Before Boas

9780803255425: Hardback
Release Date: 1st July 2015

9781496203854: Paperback
Release Date: 1st September 2018

9780803277380: EPUB
Release Date: 1st July 2015

10 images; 6 maps; 12 tables

Dimensions: 152 x 229

Number of Pages: 746

Series Critical Studies in the History of Anthropology

UNP - Nebraska

Before Boas

The Genesis of Ethnography and Ethnology in the German Enlightenment

Hardback / £62.00
Paperback / £33.00
EPUB / £33.00

The history of anthropology has been written from multiple viewpoints, often from perspectives of gender, nationality, theory, or politics. Before Boas delves deeper into issues concerning anthropology’s academic origins to present a groundbreaking study that reveals how ethnography and ethnology originated during the eighteenth rather than the nineteenth century, developing parallel to anthropology, or the “natural history of man.”

Han F. Vermeulen explores primary and secondary sources from Russia, Germany, Austria, the United States, the Netherlands, Hungary, the Czech Republic, Slovakia, France, and Great Britain in tracing how “ethnography” originated as field research by German-speaking historians and naturalists in Siberia (Russia) during the 1730s and 1740s, was generalized as “ethnology” by scholars in Göttingen (Germany) and Vienna (Austria) during the 1770s and 1780s, and was subsequently adopted by researchers in other countries.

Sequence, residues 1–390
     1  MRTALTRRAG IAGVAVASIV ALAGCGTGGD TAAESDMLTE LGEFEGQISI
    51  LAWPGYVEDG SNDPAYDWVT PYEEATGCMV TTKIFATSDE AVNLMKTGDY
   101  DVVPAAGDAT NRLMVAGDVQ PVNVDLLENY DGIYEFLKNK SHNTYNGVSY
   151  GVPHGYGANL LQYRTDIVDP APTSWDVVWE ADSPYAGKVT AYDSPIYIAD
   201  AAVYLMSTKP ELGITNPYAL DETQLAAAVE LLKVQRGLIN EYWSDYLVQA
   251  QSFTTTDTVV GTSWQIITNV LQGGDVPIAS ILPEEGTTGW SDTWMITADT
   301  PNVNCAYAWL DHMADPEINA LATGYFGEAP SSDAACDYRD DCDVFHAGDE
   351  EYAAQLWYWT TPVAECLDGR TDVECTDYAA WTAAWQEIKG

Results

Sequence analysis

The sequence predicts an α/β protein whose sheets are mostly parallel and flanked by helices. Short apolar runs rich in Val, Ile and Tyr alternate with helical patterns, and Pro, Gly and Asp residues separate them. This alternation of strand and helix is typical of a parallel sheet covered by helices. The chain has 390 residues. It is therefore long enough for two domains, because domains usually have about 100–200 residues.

Before Boas argues that anthropology and ethnology were separate sciences during the Age of Reason, studying racial and ethnic diversity, respectively. Ethnography and ethnology focused not on “other” cultures but on all peoples of all eras. Following G. W. Leibniz, researchers in these fields categorized peoples primarily according to their languages. Franz Boas professionalized the holistic study of anthropology from the 1880s into the twentieth century.


Han F. Vermeulen is an alumnus of Leiden University, the Netherlands, and a research associate at the Max Planck Institute for Social Anthropology in Halle (Saale), Germany.

“This important book introduces the scholarship that underlies the development of modern ethnography and ethnology, especially that of Franz Boas. With exhaustive research, Han Vermeulen demonstrates the significance of the German Enlightenment, the ‘ethno-linguistics’ of Leibniz, and the ‘ethnography’ of those inspired by him who undertook ‘scientific’ descriptions of the peoples of Siberia.”—Herbert S. Lewis, author of In Defense of Anthropology: An Investigation of the Critique of Anthropology

Herbert S. Lewis